\[g_{max} = \frac{\ell}{C}\ln(\ell L/C(1-e^{-C/\ell})^{2}e^{-C}) = \frac{\ell}{C}\ln( L^{2}R^{-1}(1-e^{-C/\ell})^{2}e^{-C})\]For low coverage (\(C\ll\ell\)), the total number of gaps is roughly \(\frac{CL}{\ell}e^{-C} = Re^{-C}\) and \(g_{max}\approx \frac{\ell}{C}\ln(L^{2}C^{2}/R\ell^{2}e^{-C})\), or \(g_{max}\approx \frac{\ell}{C}\ln(Re^{-C})\). This makes sense; as \(C\) goes to zero there are \(R\) total gaps, which corresponds to the space between adjacent reads, which are all non-intersecting.

The cumulative distribution functions are often useful, as they transform nicely under rescalings. Additionally, if we are using the null distribution to filter out spurious gaps, we can use the CDF to define a cutoff. Let \(N(g)\) be the number of gaps with length greater than \(g\). We have

\[N(g) = \frac{\ell L}{C}(1-e^{-C/\ell})^{2}e^{-C} e^{-Cg/\ell}\]or, in the low coverage case,

\[N(g) = Re^{-C} e^{-Cg/\ell}\]## Model validity and relaxations

The expectation function \(n(g)\) will be a good approximation of the empirical distribution when the genome is long compared to the read lengths and the typical (or perhaps somewhat) block lengths. In this case, we can think of dividing the genome into sublocks which are each statistically independent in terms of gap distributions. This is true up to the block-spanning gaps, which may contribute to the tail of the distribution. One can compare the tails of the blocked and full expectation distributions to try to understand when there are many such roughly independent blocks, and therefore when the empirical distribution is close to the expectation. Furthermore, the fact that the distribution does not have heavy tails suggests that the expectation function will well characterize the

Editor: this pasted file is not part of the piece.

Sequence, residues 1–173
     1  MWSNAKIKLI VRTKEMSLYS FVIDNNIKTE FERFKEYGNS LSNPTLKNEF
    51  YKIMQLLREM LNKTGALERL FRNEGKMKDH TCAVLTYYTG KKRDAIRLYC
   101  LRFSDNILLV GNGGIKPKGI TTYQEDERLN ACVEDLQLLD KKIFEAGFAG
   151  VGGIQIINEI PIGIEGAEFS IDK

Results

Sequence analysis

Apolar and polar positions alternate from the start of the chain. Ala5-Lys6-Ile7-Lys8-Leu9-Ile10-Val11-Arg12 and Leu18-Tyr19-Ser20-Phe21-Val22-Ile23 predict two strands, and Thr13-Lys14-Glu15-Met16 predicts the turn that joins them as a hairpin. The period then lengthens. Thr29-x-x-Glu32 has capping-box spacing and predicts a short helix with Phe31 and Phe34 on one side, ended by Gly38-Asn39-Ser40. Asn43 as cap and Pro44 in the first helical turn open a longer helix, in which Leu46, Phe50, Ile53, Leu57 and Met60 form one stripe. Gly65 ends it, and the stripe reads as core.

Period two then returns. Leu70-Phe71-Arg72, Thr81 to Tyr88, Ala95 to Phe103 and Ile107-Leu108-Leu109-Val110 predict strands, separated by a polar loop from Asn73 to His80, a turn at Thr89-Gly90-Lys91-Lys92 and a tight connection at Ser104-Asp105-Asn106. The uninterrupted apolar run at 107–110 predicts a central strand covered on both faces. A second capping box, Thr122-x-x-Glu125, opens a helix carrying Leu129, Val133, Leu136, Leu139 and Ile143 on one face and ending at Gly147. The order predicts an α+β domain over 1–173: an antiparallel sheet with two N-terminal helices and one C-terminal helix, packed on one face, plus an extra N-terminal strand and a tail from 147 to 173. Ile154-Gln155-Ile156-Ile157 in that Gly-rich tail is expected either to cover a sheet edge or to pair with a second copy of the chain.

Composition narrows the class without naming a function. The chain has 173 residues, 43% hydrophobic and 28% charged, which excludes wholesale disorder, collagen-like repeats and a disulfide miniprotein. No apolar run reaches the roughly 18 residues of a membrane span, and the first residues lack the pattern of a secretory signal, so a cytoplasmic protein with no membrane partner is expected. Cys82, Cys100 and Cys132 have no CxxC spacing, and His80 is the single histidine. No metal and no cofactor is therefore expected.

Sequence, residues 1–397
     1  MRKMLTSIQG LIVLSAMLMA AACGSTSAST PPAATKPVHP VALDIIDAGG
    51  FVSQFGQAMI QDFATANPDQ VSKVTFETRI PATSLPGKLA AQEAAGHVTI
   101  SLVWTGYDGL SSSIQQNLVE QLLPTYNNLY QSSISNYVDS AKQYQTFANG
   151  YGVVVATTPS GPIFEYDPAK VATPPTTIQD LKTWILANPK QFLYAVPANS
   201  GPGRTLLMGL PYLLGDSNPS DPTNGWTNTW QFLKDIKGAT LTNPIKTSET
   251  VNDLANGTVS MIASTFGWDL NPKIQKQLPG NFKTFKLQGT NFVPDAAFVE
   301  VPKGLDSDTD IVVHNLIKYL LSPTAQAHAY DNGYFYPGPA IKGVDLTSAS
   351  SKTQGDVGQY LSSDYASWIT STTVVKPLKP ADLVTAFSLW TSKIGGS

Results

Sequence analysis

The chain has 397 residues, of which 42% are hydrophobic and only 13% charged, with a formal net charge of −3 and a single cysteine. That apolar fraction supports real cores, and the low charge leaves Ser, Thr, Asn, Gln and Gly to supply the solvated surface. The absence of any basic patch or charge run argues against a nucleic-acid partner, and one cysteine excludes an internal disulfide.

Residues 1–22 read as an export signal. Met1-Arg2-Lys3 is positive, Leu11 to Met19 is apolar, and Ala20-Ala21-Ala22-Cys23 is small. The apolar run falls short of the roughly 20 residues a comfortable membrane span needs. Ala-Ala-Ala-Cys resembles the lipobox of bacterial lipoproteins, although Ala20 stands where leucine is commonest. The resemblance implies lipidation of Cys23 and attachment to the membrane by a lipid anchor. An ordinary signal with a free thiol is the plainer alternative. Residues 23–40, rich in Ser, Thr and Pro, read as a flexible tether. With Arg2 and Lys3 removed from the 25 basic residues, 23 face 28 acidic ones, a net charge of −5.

This model makes some strong assumptions. First, it assumes uniform read length and coverage across the genome. Both of these are expected to fail; reads will have some distribution (though this distribution will be quite narrow for Illumina reads), and more importantly there will be areas of the genome which naturally have higher or lower coverage. One easy way to extend the model would be to try to see the effects of different distributions of coverage and read sizes. A simple approach would be to take these distributions from a dataset of interest to see if the data can inform the model.

## Using the model to fit data

Naively fitting the model to data leads to issues; in particular, there are global coverage biases due to GC content etc., and often one can find parts of the genome with extremely high coverage (eg in locations which are more conserved across different types). Coverage issues are further complicated by the possible presence of multiple closely related types in the population. Therefore, figuring out the appropriate model parameters can be non-trivial, especially in the sparse coverage regime. For example, the coverage \(C\) can be biased by high coverage areas and lead to too many gaps being called. It is useful then to think about the parameters and figure out which ones may be more or less sensitive to these issues.

There are three free parameters in the model:

- \(L\), the genome length.
- \(\ell\), the typical read length
- \(R\), the number of reads Note that the coverage, which shows up in many of the expressions as a useful quantity, is a composite involving all three.

In most cases, \(L\) is known and fixed. The question then comes to \(\ell\) and \(R\). Given some estimate of the coverage \(C\) (an easily computable average), how should we estimate \(\ell\) and \(R\)?

With Illumina short reads, the distribution of \(\ell\) (or really, the mapped \(\ell\)) tends to be relatively narrow. Therefore if we have some estimate of \(C\) via either filtering, or some other method, we should treat it as changing the estimate of \(R\) as opposed to \(\ell\). Otherwise we can also run into issues where lowering coverage can raise the total number of gaps, even in the low coverage situation.